Table listing the participating states of the Organisation for Security and Cooperation in Europe (OSCE), the dates of their admission to the organisation and the dates when each one signed the Helsinki Final Act and the Paris Charter for a New Europe.
The development of the standard scale of financial contributions made by states taking part in the Conference on Security and Cooperation in Europe (CSCE)/the Organisation for Security and Cooperation in Europe (OSCE).
In a letter sent on 18 June 1991 to Hans-Dietrich Genscher, German Foreign Minister and Chairman-in-Office of the CSCE Council, Muhamet Kapllani, Albanian Foreign Minister, accepts all the commitments and responsibilities set out in the CSCE final documents and invites a delegation of rapporteurs to visit his country in order to confirm the extent to which they have been implemented.
At its meeting held in Stockholm on 14 December 1992, the CSCE Council expresses its support for the expansion of CSCE activities and for visits to the newly-admitted participating States. Furthermore, it decides to welcome the Czech Republic and the Slovak Republic as participating States from 1 January 1993 following the receipt of letters drawn up in accordance with the attached model.
On 10 July 1992, the Helsinki Review Conference adopts a programme of coordinated support for those participating States admitted to the CSCE since 1991, including in particular the former Soviet Republics of Central Asia and the Caucasus.
In an article published in 1998 in the quarterly publication Helsinki Monitor, Valery Perry, a doctoral student at George Mason University in Virginia, USA, analyses the pros and cons of one of the most controversial decisions taken by the Organisation for Security and Cooperation in Europe (OSCE) since it was established, namely the suspension of the Federal Republic of Yugoslavia (Serbia and Montenegro) in 1992.
In 2000, Walter Kemp, Editor of the quarterly publication Helsinki Monitor, calls for clearer and more coherent criteria for membership of the Organisation for Security and Cooperation in Europe (OSCE).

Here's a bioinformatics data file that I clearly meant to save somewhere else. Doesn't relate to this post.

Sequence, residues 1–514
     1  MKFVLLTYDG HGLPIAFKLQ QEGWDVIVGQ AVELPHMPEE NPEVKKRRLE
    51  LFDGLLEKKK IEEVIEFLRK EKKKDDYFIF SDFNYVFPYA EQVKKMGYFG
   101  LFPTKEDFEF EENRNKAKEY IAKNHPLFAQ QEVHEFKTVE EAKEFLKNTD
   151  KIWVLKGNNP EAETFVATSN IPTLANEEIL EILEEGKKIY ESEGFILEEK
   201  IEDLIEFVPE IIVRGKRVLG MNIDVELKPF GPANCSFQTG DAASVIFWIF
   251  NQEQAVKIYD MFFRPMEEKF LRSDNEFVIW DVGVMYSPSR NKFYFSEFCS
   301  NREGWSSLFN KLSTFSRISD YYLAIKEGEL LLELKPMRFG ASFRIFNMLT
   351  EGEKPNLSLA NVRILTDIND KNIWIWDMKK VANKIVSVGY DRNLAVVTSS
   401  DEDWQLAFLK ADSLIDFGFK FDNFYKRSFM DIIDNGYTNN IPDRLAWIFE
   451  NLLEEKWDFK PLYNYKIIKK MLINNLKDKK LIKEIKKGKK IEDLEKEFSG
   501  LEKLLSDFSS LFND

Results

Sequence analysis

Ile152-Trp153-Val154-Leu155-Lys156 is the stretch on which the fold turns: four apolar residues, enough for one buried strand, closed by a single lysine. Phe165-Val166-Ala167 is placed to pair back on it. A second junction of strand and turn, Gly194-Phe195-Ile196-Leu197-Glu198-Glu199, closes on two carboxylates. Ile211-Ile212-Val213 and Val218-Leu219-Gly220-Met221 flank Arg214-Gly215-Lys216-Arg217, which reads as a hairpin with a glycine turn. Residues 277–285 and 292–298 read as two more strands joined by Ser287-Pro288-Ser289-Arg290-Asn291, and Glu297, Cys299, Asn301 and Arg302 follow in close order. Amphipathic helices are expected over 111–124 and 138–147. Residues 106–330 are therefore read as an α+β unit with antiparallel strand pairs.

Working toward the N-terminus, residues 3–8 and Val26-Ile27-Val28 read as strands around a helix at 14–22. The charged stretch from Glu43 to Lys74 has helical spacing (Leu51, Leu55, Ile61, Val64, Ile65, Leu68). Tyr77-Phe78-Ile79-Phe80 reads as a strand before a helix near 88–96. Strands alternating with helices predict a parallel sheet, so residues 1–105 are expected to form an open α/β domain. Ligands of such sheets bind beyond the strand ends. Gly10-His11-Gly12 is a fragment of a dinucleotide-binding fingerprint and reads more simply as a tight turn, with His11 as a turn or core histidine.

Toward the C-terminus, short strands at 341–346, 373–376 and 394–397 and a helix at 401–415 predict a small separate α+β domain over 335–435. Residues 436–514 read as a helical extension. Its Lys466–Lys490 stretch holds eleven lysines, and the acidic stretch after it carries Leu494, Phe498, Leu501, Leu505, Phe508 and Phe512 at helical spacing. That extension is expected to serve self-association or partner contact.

On 19 October 2006, the Ambassadors of the five OSCE Asian Partners pose in front of the Hofburg Palace in Vienna. From left to right: Kim Sung-hwan (South Korea), Zia Uddin Nezam (Afghanistan), Itaru Umezu (Japan), Luvsandagva Enkhtaivan (Mongolia) and Adisak Panupong (Thailand).
Le 12 mai 1971, le Comité politique des Communautés européennes et le groupe de travail qu’il a constitué à cet effet rendent un rapport sur les problèmes que poserait la convocation d’une Conférence sur la sécurité et la coopération en Europe (CSCE) et qui relèvent de la sphère d’intérêt des Communautés.
On 14 May 1971, during the Conference of Foreign Ministers of the Member States of the European Communities in Paris, Franco Maria Malfatti, President of the Commission, delivers an address on the appropriateness of including the chapter relating to economic cooperation in the Conference on Security and Cooperation in Europe (CSCE) and on the problem of the recognition of the European Economic Community (EEC) by the USSR and the Communist countries.
On 17 January 1975, the subcommittee and the ad hoc working party with responsibility for the CSCE within the Political Committee of the European Communities submit a report that defines the common stance of the nine Member States of the European Communities during the second stage of the Conference on Security and Cooperation in Europe which has been taking place in Geneva since 18 September 1973.